With respect to layers 12, 16 it is generally preferred that these be applied as a coating and that these be composed of a suitable epoxy material. Epoxy not only is relatively economical to use and possesses the desired adhesive and strength characteristics, but also provides suitable wearing properties. A preferred form of conductive layer 14 is also applied as a coating and consists of an epoxy which has been converted into an electrically conductive material through the addition of conductive materials. Among the preferred conductive materials are wet ground graphite and colloidal carbon particles such as the materials disclosed in U.S. Pat. No. 3,696,054, the disclosure of which is expressly incorporated herein by reference. The electrically conductive layer 14 preferably has a resistivity in the range of less than about 5000 ohms/square. For this purpose, a square is defined as an electrically conductive region in the shape of a square having a pair of parallel electrodes of equal length providing two sides of a square and the spacing between the electrodes being equal to their length.
In order to provide greater insight into a specific application of the present invention, a detailed example will now be considered. In the example, a base member consisting of a rectangular concrete floor will be employed. Initially, the floor should be clean and dry with particular effort made to eliminate any grease or oil on the surface. A copper electrode which will connect the electrically conductive coating with the electrical ground should have the portion which will contact the coating cleaned, as by sanding, so as to eliminate any oxide and dirt and provide for more intimate electrical contact. Contact cement or another appropriate adhesive is employed to secure the electrode with about a 3 or 4 inch axial segment minimum being secured to the concrete floor. A band approximately one inch wide of conductive material, such as the material out of which the conductive layer 15 is made, is applied to the floor along the outer perimeter of the rectangular floor and in contact with the electrode. The epoxy which will be used in the nonconductive lower coating is then mixed to the precise desired proportions as in a Jiffy mixer and is applied to the floor by means of a brush or roller in a thickness of approximately 10 mils. This base coat is applied within the rectangular area defined by the band of conductive material but not on the electrode or the band. (See FIG. 3.) This is allowed to dry for about 16 to 24 hours. While the lower or first electrically nonconductive coating is drying the glass spherical electrically nonconductive elements having a diameter of about 450 microns are spread over the base coat as by hand scattering so as to employ approximately one pound per 30 to 40 square feet of floor surface. The electrically conductive coating material in the form of an epoxy containing wet ground graphite and colloidal size carbon particles in accordance with the teachings of U.S. Pat. No. 3,696,054 are applied in a coating thickness of about 5 mils. This coating is allowed to dry for approximately 16 to 24 hours. The epoxy coating for the second electrically nonconductive coating is then mixed and applied in a thickness of approximately 5 mils. This is allowed to dry for approximately 36 to 48 hours before permitting floor traffic.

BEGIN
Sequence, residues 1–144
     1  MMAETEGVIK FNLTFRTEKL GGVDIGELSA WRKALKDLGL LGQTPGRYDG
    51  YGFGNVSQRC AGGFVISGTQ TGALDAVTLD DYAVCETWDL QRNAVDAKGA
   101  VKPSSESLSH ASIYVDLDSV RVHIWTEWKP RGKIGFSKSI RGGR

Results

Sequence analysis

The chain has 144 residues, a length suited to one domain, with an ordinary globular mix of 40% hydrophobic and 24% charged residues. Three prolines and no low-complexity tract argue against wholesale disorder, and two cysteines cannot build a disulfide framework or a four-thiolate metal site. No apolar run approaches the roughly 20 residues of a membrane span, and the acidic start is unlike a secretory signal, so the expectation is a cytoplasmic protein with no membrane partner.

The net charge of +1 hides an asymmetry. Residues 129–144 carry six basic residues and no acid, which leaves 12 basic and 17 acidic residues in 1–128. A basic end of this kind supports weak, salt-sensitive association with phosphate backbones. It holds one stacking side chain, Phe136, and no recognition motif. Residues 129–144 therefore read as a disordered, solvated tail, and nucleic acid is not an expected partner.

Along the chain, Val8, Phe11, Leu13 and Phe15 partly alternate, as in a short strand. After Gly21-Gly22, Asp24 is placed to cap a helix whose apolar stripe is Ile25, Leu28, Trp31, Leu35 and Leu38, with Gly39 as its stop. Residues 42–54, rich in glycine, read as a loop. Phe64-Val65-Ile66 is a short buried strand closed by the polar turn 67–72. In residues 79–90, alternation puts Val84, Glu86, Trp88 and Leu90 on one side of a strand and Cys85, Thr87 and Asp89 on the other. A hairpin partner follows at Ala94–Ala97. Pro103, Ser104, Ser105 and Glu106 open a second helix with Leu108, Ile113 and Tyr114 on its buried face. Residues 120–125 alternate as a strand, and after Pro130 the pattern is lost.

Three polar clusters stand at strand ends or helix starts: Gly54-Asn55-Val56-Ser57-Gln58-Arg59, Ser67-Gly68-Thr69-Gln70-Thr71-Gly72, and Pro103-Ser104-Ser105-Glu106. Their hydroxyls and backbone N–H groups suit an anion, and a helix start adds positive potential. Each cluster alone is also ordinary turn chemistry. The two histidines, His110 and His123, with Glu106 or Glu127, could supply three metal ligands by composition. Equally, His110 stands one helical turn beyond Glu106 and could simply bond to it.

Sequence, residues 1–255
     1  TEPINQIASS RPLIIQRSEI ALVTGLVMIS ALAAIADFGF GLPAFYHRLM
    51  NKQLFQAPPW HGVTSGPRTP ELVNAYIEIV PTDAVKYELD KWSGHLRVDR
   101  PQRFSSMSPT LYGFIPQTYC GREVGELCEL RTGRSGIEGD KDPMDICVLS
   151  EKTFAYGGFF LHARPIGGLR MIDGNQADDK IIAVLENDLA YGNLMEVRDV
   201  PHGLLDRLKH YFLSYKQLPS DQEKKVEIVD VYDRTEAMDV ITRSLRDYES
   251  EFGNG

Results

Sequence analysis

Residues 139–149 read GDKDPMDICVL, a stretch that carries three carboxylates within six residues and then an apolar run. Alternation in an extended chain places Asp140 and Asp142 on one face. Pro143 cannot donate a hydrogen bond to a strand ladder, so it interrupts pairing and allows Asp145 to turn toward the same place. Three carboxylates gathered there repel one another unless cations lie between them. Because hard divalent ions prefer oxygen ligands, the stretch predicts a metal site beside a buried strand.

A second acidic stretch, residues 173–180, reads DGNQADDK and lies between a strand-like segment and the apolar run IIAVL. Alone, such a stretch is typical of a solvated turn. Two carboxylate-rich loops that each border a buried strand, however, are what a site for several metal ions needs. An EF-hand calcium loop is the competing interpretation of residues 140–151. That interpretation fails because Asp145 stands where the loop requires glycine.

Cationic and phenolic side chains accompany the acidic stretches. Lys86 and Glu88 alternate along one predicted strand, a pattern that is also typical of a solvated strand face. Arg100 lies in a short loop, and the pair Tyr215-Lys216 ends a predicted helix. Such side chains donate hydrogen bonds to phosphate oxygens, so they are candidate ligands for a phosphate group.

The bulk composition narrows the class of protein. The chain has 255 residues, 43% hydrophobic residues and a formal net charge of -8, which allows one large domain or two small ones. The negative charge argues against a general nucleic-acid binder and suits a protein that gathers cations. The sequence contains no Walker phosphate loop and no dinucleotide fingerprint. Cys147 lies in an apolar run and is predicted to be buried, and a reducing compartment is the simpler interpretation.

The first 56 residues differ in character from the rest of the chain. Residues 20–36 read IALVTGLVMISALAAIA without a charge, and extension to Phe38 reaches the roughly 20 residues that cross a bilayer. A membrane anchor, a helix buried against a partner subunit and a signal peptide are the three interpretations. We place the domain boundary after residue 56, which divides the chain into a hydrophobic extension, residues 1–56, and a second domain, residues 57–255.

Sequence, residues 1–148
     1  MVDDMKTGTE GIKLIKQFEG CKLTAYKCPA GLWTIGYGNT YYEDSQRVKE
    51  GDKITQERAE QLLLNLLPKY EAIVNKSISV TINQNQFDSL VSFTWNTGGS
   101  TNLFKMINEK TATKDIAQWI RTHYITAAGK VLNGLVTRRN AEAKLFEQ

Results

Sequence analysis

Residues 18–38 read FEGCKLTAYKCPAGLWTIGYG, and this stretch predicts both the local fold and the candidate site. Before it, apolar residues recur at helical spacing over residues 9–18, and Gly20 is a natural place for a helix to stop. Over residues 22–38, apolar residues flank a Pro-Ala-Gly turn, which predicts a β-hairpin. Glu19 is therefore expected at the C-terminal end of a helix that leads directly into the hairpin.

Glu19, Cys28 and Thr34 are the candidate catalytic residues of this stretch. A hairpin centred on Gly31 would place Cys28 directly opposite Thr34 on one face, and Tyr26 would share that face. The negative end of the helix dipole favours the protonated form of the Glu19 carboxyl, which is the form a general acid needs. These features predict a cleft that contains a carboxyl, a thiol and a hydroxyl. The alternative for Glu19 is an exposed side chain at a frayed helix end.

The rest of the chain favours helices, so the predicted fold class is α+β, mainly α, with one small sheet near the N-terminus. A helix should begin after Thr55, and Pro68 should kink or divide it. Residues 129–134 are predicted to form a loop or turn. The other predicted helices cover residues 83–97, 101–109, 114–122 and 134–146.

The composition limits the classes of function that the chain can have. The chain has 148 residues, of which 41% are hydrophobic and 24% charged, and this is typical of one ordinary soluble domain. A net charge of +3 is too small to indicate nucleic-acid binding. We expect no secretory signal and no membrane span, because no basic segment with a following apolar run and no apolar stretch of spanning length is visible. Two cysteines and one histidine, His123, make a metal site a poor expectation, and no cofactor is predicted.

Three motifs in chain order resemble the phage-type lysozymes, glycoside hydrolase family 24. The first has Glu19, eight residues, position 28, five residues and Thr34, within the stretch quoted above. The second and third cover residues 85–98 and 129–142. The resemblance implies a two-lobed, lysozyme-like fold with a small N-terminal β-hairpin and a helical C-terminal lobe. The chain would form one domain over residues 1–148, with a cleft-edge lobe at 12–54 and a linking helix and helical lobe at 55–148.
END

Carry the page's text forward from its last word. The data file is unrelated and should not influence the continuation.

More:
In the event the assembly at this stage appears more like FIG. 1 than FIG. 3, positive action to expose the conductive layer is required. By means of a suited abrasive material such as sandpaper, emory cloth, abrasive block or other similar material, the upper coating is subjected to abrasive reaction so as to expose portions of the electrically conductive coating to the environment.
It will be appreciated, therefore, that the present invention provides an economical and effective means for establishing an antistatic or conductive construction which is nonskid as well as chemical and wear resistant. In addition, the installation is simple to establish and durable. It provides discrete regions for leakage of charge as to a protected electrically conductive layer. The system specifically described by way of example above meets NFPA STANDARD 651 (1972) "Standard for the Prevention of Dust Explosions in the Manufacture of Aluminum Powder" as well as other standards. The method of installation is simple and may readily be accomplished by semi-skilled individuals.